According to the BoE, mortgage approvals have dived by almost 70% in the past year contributing to the perceived mortgage misery. Just 36,000 new loans arranged for people moving home during June – that is 69% fewer than in the same month last year and 12% lower than May’s figure, according to the Bank of England.
Mortgage lending also dropped steeply during the month, with net advances hitting a near eight-year low of £3.1bn.
The number of home loans approved has now fallen for 14 consecutive months and is at its lowest since the BoE first issued figures in 1993.
Lenders have tightened their criteria because of the credit crunch, reducing the availability of mortgages, especially to would-be buyers with small deposits.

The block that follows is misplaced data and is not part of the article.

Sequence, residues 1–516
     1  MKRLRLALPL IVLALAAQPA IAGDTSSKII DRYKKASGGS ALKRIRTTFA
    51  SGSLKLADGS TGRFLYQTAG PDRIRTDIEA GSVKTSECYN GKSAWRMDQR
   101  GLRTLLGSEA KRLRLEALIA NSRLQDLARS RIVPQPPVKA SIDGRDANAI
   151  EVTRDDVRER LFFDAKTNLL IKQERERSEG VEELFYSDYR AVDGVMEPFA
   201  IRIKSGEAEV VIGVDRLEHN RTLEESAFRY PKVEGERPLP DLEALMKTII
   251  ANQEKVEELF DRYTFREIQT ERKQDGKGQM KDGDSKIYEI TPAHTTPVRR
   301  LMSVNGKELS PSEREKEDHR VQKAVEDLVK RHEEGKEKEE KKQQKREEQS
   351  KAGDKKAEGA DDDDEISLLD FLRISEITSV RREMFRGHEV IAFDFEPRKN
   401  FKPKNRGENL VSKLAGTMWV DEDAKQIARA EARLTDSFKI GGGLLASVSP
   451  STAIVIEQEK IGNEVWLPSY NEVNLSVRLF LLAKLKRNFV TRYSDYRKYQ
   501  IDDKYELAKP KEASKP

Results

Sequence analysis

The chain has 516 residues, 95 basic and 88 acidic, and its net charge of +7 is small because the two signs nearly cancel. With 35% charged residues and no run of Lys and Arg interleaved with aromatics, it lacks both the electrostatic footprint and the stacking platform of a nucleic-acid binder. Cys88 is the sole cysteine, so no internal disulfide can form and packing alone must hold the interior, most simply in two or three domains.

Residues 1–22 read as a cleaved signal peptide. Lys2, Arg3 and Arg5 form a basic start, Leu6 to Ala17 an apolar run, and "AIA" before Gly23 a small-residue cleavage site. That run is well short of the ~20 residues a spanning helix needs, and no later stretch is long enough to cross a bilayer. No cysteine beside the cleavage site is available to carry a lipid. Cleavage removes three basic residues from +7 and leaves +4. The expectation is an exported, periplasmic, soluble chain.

The BoE figures come as a report for the Treasury warned there is no quick fix for the problems in the mortgage market.
The Crosby Review, which is being carried out by the former head of the Halifax Bank of Scotland Group (HBOS), Sir James Crosby, says funding of home loans should be left to the market.
Sir James says Britain should avoid setting up US-style government-backed agencies to tackle the funding crisis.
But his independent report stops short of making recommendations on how to tackle the problems caused by the credit crunch.
It moots the idea of possible further support from the Treasury to help kick-start mortgage lending
The Bank of England data shows a fall in all types of mortgage approval, with just 165,000 new loans agreed during June, down from 214,000 just three months earlier.